Telemann's music was one of the driving forces behind the late Baroque and the early Classical styles. Starting in the 1710s he became one of the creators and foremost exponents of the so-called German mixed style, an amalgam of German, French, Italian and Polish styles. Over the years, his music gradually changed and started incorporating more and more elements of the galant style, but he never completely adopted the ideals of the nascent Classical era: Telemann's style remained contrapuntally and harmonically complex, and already in 1751 he dismissed much contemporary music as too simplistic. Composers he influenced musically included pupils of J.S. Bach in Leipzig, such as Wilhelm Friedemann Bach, Carl Philipp Emmanuel Bach and Johann Friedrich Agricola, as well as those composers who performed under his direction in Leipzig (Christoph Graupner, Johann David Heinichen and Johann Georg Pisendel), composers of the Berlin lieder school, and finally, his numerous pupils, none of whom, however, became major composers.
Equally important for the history of music were Telemann's publishing activities. By pursuing exclusive publication rights for his works, he set one of the most important early precedents for regarding music as the intellectual property of the composer. The same attitude informed his public concerts, where Telemann would frequently perform music originally composed for ceremonies attended only by a select few members of the upper class.
See List of operas by TelemannGeorg Philipp Telemann's Passions
Cantata Cycle 1716–1717
Die Donner-Ode ("The Ode of Thunder") TWV 6:3a-b
Du bleibest dennoch unser Gott (Erstausgabe 1730)
Ihr Volker, hort
Sei tausendmal willkommen (Erstausgabe 1730)
Die Tageszeiten ("The Times of the Day") (1757)
Gott, man lobet dich, Cantata for the Peace of Paris, 1763, for 5-part chorus, flute, 2 oboes, bassoon, 3 trumpets, 2 horns, strings & continuo, TWV 14:12
not by Telemann: Der Schulmeister ("The Schoolmaster" 1751), by Christoph Ludwig Fehre.
Hamburger Admiralitatsmusik several years including TWV 24:1
Der Tag des Gerichts ("The Day of Judgement")(1761-62)
Hamburgische Kapitansmusik (various years)
Der Tod Jesu ("The Death of Jesus") TWV 5:6 (1755)
Die Auferstehung und Himmelfahrt Jesu" ("The Resurrection and Ascension of Jesus") TWV 6:6, (1760)
Trauermusik for emperor Karl VII (1745) Ich hoffete aufs Licht, TWV 4:13
Trauermusik for Hamburg mayor nl:Garlieb Sillem Schwanengesang TWV 4:6
Der aus der Lowengrube errettete Daniel ("Daniel Delivered from the Lion’s Den") (1731) [This has been incorrectly attributed to Handel]
Grillen-symphonie TWV 50:1
Ouverture (Wassermusik: Hamburger Ebb und Fluth) TWV 55:C3
Ouverture des nations anciens et modernes in G TWV 55:G4
Ouverture in G minor TWV 55:g4
Suite in A minor for recorder, strings, and continuo TWV 55:a2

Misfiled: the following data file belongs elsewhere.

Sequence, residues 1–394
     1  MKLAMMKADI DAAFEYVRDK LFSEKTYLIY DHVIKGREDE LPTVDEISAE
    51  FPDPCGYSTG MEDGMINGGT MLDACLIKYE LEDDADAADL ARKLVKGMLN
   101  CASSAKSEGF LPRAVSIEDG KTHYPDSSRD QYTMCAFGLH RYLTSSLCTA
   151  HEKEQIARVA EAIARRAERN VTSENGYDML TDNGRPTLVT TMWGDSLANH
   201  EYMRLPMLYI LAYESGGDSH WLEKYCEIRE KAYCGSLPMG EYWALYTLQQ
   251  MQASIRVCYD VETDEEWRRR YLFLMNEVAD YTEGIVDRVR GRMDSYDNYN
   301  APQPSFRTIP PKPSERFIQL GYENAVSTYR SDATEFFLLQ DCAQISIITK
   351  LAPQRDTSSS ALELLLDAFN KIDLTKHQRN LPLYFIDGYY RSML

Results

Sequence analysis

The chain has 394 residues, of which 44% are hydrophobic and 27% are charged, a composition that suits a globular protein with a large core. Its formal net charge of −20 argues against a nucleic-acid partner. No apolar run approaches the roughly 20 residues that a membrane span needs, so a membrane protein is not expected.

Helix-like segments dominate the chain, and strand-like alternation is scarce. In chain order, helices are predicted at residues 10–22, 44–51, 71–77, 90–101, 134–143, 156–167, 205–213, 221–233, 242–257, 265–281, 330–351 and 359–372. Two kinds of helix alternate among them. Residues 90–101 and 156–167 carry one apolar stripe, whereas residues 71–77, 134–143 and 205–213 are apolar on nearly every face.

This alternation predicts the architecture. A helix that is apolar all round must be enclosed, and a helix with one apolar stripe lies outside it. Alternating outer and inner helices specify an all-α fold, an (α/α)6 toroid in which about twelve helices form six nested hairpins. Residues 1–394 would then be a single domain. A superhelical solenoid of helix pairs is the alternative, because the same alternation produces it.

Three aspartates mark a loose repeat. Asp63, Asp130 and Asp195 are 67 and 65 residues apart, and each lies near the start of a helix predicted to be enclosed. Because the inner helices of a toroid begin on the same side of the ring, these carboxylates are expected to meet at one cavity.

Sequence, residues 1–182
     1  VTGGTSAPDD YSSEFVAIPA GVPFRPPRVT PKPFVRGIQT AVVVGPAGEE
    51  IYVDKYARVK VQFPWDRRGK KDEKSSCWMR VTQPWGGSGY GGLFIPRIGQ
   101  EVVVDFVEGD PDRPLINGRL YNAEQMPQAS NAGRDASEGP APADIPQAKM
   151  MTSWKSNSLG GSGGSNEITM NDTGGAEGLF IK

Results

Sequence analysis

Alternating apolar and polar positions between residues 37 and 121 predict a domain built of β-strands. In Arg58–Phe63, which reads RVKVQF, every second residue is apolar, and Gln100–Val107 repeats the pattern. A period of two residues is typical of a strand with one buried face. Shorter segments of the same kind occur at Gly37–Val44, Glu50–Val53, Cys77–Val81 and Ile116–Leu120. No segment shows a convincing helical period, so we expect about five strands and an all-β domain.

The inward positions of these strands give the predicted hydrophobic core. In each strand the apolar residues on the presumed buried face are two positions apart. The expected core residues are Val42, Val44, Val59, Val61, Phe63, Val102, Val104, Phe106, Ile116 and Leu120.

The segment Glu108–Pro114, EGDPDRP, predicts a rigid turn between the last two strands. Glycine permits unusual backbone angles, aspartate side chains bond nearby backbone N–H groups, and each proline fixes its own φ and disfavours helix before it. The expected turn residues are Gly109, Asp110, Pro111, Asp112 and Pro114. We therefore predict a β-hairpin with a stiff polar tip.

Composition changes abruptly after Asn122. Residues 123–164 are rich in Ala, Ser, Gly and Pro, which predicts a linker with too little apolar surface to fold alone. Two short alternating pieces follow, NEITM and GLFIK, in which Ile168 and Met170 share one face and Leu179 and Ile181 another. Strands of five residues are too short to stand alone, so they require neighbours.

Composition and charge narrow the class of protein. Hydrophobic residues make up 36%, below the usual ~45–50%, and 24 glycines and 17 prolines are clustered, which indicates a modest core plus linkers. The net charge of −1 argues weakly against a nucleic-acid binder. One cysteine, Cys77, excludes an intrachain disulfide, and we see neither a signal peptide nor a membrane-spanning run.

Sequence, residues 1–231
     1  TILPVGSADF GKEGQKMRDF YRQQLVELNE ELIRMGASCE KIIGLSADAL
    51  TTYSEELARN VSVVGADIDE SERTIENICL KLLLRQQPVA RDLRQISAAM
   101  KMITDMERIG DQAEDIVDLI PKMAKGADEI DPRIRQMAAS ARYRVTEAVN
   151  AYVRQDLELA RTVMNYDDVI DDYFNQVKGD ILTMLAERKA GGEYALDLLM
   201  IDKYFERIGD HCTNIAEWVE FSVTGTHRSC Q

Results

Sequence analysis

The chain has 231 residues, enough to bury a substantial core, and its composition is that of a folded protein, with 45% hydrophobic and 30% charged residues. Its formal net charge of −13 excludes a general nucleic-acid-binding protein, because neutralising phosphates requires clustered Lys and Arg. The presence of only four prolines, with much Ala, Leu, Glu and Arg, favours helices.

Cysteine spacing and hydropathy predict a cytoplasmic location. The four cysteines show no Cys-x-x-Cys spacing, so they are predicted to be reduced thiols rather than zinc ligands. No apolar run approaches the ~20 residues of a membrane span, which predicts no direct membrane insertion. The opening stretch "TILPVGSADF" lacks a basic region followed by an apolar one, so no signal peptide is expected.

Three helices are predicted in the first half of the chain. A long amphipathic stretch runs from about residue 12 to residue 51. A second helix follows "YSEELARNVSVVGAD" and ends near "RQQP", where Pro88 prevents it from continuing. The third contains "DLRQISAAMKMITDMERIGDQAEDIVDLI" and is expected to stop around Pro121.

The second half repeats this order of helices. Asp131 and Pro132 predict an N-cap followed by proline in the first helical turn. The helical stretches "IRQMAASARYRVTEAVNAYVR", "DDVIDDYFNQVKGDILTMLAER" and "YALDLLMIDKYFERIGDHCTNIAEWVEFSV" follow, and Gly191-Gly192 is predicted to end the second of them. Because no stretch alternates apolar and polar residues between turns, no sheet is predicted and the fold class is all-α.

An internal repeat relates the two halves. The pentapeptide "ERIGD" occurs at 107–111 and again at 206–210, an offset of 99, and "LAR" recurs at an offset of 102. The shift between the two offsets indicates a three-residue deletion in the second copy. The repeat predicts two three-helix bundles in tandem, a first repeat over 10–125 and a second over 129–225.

Overture: Alster Echo in F, for 4 horns, 2 oboes, bassoon, strings and continuo, TWV55:F11
Sinfonia Spirituosa in D Major (2 violins, viola & continuo, trumpet ad libitum) TWV 44:1
Tafelmusik (1733) ('Tafelmusik' refers to music meant to accompany a meal)
Der getreue Musikmeister (1728), a musical journal containing 70 small vocal and instrumental compositions
Twelve Paris Quartets in two sets of six (Quadri a violino, flauto traversiere, viola da gamba o violoncello, e fondamento, 1730, reprinted as Six quatuors, 1736; Nouveaux quatuors en six suites, 1738) for flute, violin, viola da gamba or cello, continuo, TWV 43:G1,D1,A1,g1,e1,h1 (first set), TWV 43:D3,a2,G4,h2,A3,e4 (second set)
Twelve Fantasias for Transverse Flute without Bass TWV 40:2-13
Twelve Fantasias for Violin without Bass TWV 40:14-25
Six Canonical Sonatas TWV 40: 118-123
Six Concertos for Flute and Harpsichord TWV 42.
Violin Concerto in A Major "Die Relinge" TWV 51:A4
Concerto for Three Violins in F major, TWV 53:F1
Four Concertos for Four Violins TWV 40:201-204
Concerto in G Major for Viola and String Orchestra, TWV 51:G9; the first known concerto for viola, still regularly performed today
Concerto in G Major for Two Violas and String Orchestra, TWV 52:G3
Concerto for Two Horns in D Major TWV 52:D1
Concerto for Two Horns in D Major TWV 52:D2
Concerto for Horn and Orchestra in D Major 51:D8
Trumpet Concerto in D major, 51:D 7
Concerto in D for Trumpet and 2 Oboes, 53:D 2
Concerto in D for Trumpet, Violin and Violoncello, 53:D 5
Concerto in D for 3 Trumpets, Timpani, 2 Oboes, 54:D 3
Concerto in D for 3 Trumpets, Timpani, 54:D 4
Concerto in C major for 2 Chalumeaux, 2 Bassoons and Orchestra, 52:C 1
Concerto in D minor for Two Chalumeaux and Orchestra, 52:d 1
Concerto in A Major
Concerto in C Minor
Concerto in D Minor
Concerto in E Minor
Concerto in F Minor
Concerto in G Major
Sonata in A Minor
Sonata in G minor
Concerto in D Major, TWV51:D2
Concerto in E Minor for recorder & traverso, TWV51:e1
Concerto in B Minor, TWV41:h3
Concerto in C Minor, TWV41:c3